Louis: I wanted to be a stuntman since the age of 12 when my father took me to see the Steve McQueen film, BULLITT. It was the chase scene in that film that was the inspiration. I was somewhat of a stunt-kid, always doing things that would see me getting a few stitches (or worse) at the doctors office but stunt driving was what I wanted to do the most. I made no bones about it all through the rest of elementary school, high school and the little bit of college (LSU) that I attended. In the mid 70’s I was working for a men’s fine clothing store and they asked me to model for their adds. I did, which led to more modeling jobs with an agency, which led to some on camera commercial gigs, which led finally to working on stage. Once I got on stage, my fate was sealed. I played the lead role of “Starbuck” in the N. Richard Nash play, THE RAIN MAKER. I won an award for the performance and that was it. I stayed in my home town Baton Rouge, did a couple more plays, playing “Will Parker” in OKLAHOMA and “Kenickie” in GREASE, then in January of 1982 I move to L.A.

Nate: Who were some of your influences growing up, favourite actors you’d watch in film and admire?

Louis: I never really had a favorite actor because I was never really that interested in acting. But of course, McQueen was an influence but I didn’t even realize it since it wasn’t his acting that inspired me. But I will have to say that believe it or not, John Travolta’s meteoric rise to fame did make an impression on me. Mainly in Saturday Night Fever. It may be strange to say it this way but I just felt like I could do what he was doing. I think that was very possibly Travolta’s best role ever by the way. And then Grease came along and I felt like… Hey, I can do that! So his rise to fame is what I was more inspired by, not to take anything away from his talent and abilities of course.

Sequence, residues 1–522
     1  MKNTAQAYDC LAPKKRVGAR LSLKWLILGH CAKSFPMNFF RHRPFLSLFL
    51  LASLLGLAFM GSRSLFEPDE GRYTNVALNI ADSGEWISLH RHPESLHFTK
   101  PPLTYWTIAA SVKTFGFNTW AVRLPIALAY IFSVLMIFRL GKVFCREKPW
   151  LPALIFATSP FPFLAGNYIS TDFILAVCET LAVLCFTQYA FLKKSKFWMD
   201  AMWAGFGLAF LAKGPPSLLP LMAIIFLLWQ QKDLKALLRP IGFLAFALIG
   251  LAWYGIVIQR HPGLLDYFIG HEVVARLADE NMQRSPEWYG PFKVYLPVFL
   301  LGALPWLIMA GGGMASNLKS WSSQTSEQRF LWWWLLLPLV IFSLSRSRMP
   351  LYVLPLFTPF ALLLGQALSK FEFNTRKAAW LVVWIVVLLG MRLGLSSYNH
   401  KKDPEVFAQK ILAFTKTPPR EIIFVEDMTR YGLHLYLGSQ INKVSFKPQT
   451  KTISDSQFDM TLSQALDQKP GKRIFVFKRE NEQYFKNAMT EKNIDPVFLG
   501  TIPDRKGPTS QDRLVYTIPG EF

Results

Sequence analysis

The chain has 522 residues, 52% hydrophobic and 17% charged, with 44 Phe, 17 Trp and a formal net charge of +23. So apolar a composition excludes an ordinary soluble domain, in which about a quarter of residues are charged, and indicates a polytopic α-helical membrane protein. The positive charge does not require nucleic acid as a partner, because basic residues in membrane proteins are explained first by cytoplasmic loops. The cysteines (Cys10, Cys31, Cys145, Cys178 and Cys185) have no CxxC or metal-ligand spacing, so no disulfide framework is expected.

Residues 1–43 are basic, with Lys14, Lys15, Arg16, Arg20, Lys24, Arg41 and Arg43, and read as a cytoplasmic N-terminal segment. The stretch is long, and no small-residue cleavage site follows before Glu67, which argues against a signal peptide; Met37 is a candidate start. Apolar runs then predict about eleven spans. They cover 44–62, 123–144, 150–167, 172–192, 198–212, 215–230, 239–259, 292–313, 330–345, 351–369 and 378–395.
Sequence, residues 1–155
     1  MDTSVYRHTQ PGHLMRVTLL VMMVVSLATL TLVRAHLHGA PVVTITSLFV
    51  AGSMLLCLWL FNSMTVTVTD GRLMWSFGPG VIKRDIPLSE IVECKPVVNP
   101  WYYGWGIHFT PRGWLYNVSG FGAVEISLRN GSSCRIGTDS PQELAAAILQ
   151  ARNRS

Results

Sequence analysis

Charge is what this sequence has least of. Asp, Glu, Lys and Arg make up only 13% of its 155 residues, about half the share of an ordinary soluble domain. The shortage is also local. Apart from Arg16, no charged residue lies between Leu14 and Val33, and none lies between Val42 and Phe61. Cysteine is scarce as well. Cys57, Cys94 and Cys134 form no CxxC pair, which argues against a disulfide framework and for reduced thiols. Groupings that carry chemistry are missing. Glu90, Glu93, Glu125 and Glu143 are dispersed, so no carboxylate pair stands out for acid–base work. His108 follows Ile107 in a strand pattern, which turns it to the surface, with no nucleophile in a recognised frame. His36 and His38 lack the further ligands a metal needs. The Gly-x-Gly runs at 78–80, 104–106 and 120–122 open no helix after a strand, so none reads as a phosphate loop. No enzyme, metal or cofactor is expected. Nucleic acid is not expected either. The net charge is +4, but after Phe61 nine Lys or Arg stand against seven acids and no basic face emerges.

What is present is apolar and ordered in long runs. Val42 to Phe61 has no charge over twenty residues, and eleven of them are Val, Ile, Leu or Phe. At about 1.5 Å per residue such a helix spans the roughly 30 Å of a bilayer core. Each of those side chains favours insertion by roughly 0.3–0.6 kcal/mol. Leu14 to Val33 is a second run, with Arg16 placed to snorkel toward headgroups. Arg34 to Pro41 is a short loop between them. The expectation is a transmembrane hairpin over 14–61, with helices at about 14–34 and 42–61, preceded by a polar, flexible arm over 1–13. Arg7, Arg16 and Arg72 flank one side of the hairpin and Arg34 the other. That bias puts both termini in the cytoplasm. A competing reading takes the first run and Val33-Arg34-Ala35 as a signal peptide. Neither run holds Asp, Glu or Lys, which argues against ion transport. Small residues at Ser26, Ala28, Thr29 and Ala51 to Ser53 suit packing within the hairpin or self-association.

Nate: Westworld: such a brilliant performance in one of the best shows out there. Were you approached for the role or did you audition? How was your process in bringing that intense scene to life, basically staring down both Jeffrey Wright and Anthony Hopkins and giving a tour de force in under five minutes. How did you prepare to play Peter?

Louis: Well, first of all thank you for that comment. I had to audition for the role, if was not offered to me. I went in for the initial audition with the assistant casing director and was asked to return to read for the producers. I had several days between the two and I was told to come in and that the door was wide open (what door? ha!) to go as far as I wanted to with the physicality of the character. The scene that I read in the audition was the one you are referring to with Tony and Jeffrey however it was three different characters and different dialogue of course. It was simply a scene they wrote for the audition and every male actor who was playing a robot had to do it. Then you also read for the part you were called in to read for. For me it was the Sheriff. I did pretty much what you see in the show in the audition. Lisa Joy was the only producer in the room and she liked what I did and made comments that let me know that. Then she asked if there was anything else I would like to show them. I answered, “No thanks. I think I will quit while I’m ahead.” They laughed, I left the room and in about 5 or 6 weeks I got the word that I had booked “Peter Abernathy” and of course, I had no idea who that was because I had not read that part. Then my manager said to me, you know that part you read for the audition, that is Peter Abernathy. It was then that I realized I would be doing the scene with Mr. Hopkins because every the audition script named him as Dr. Ford and I had read that he was playing that role. As far as how I prepared for the scene; as I say I did pretty much what you see in the audition so I already had the blueprint if you will for the scene. I did rehearse with Lisa and Jonah one day, running through the entire scene, full tilt, twice. They liked what I was doing and in fact, three days before we filmed the scene, which was five pages long, they added three more pages to it. Most of that was not in the final cut but I think they simply wanted to give me a chance to do more with the character and see what happened. I think it was the better more than not enough scenario. But I think it was edited beautifully.

Nate: True Detective: a very memorable scene and your performance adds to the overall vibe of haunting unease in that area. How did you get involved and what was your experience shooting that scene with Matthew McConaughey? You yourself are from Louisiana and your involvement has an authentic feel. Are you a fan of the show overall?